(November 26, 2013) — The future of fiduciary management lies within defined contribution (DC), according to investment consultants Psolve.
The Punter Southall Group arm believes that, while DC schemes have so far been neglected by the fiduciary management industry, it is now time for this to change.
Many investment consultants have boosted their fiduciary management resources for DC over the past year: Northern Trust added Eric Peterson to its outsourced CIO function to work across defined benefit, DC, and Taft Hartley plans in the US in February, and Mercer hired Liana Magner to the newly created role of US delegated DC leader in May.
The key problem is how the typical DC plan approaches its default fund, said Britt Hoffman, head of DC at Psolve.
The typical approach has been to use a simple mixture of equities and bonds, shifting members automatically from equities into bonds and cash as retirement nears, but this—as she and many others have argued—is sub-optimal.
“In the early years there is a risk of a big paper loss, discouraging DC scheme members from making more contributions to their pension. In the later years, there is a risk of equities being sold for bonds at unfavourable prices,” Hoffman explained.
The biggest issue is the growing governance burden facing managers of DC funds, and it is here that fiduciary management will develop its market, according to Psolve.
FuturePlanner, the Finmeccanica group’s DC scheme, is one of Psolve’s clients that has taken advantage of its delegated DC service. Mike Nixon, head of pensions, said: “We were being told about clever new things for the DB schemes that did not cost much. Why should our DC members miss out?”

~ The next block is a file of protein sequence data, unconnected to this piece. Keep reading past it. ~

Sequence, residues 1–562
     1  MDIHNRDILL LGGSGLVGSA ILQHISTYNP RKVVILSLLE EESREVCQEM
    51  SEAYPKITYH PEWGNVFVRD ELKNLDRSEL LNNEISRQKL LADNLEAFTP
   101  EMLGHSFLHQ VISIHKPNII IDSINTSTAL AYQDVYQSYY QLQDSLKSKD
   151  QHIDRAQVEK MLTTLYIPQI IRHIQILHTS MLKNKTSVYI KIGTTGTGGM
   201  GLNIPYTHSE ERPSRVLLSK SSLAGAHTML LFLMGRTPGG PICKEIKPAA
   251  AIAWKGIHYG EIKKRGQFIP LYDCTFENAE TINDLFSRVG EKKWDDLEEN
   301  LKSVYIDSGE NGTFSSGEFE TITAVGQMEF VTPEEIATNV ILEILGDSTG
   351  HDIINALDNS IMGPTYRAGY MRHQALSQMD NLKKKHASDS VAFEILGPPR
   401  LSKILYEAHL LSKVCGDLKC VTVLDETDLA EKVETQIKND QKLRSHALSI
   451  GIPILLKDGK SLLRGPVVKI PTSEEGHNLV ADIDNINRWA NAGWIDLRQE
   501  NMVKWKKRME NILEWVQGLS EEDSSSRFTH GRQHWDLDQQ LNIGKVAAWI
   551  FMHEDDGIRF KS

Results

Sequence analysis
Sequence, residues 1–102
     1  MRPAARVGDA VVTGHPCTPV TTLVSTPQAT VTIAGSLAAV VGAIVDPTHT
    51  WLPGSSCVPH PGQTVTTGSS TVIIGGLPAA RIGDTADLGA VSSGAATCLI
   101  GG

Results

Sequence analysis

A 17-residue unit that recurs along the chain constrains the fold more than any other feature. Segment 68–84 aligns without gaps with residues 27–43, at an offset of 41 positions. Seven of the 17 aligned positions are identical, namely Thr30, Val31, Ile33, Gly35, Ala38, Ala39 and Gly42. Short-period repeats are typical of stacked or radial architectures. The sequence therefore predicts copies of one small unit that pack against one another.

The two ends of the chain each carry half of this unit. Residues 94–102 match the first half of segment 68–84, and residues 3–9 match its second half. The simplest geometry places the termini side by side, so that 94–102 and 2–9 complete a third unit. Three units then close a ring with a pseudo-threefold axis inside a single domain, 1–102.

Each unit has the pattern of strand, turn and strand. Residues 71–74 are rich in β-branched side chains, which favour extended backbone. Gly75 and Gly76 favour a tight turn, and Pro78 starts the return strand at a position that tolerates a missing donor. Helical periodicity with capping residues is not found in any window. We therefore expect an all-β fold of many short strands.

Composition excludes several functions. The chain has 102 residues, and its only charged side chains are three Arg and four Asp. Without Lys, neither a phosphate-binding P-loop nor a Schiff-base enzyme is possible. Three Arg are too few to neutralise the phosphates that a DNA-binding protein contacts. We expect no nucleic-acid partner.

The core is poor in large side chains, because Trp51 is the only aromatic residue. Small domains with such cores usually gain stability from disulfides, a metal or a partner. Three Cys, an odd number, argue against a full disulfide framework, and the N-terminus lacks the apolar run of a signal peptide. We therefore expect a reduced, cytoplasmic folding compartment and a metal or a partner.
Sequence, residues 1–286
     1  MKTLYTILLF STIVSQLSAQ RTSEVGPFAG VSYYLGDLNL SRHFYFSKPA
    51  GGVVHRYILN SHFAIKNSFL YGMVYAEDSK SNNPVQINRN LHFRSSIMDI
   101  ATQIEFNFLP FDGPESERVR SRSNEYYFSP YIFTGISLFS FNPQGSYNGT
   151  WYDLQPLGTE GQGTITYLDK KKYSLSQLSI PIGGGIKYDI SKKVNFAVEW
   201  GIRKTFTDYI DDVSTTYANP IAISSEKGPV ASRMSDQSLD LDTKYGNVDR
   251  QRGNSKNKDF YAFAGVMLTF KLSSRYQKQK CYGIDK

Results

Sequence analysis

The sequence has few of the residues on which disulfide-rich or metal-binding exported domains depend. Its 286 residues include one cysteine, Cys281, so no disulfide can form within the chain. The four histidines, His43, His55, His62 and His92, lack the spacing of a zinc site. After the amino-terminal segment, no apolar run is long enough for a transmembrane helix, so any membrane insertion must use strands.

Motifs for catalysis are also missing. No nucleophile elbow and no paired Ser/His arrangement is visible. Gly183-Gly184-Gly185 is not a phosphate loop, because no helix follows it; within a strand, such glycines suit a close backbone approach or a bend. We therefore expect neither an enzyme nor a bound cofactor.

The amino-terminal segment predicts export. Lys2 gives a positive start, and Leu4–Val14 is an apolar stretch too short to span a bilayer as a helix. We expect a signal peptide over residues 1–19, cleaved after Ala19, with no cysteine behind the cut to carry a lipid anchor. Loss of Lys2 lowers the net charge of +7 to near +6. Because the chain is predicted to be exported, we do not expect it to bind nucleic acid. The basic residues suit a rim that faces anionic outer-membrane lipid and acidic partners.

Hoffman said the key turning point was realising that it was possible to implement a DC strategy that is much more aligned with the strategies traditionally used in defined benefit funds.
“This is a big step forwards – particularly because the risk and return needs for DC and DB are really not that different,” she said.
The shift into focussing on DC comes at a time when outsourced CIO business of investment consultants is expected to grow to 18% of their total assets, according to research from Cerulli Associates.
Psolve rival Cardano also celebrated a birthday this month, and marked its fifth anniversary by publishing the fiduciary management results of its clients. The fiduciary manager’s clients outperformed their peers on a liability base by 30 percentage points.
There is scant data on the performance of fiduciary managers and other outsourced providers. Pick up the December European edition of aiCIO for a full investigation into inadequacies of the market.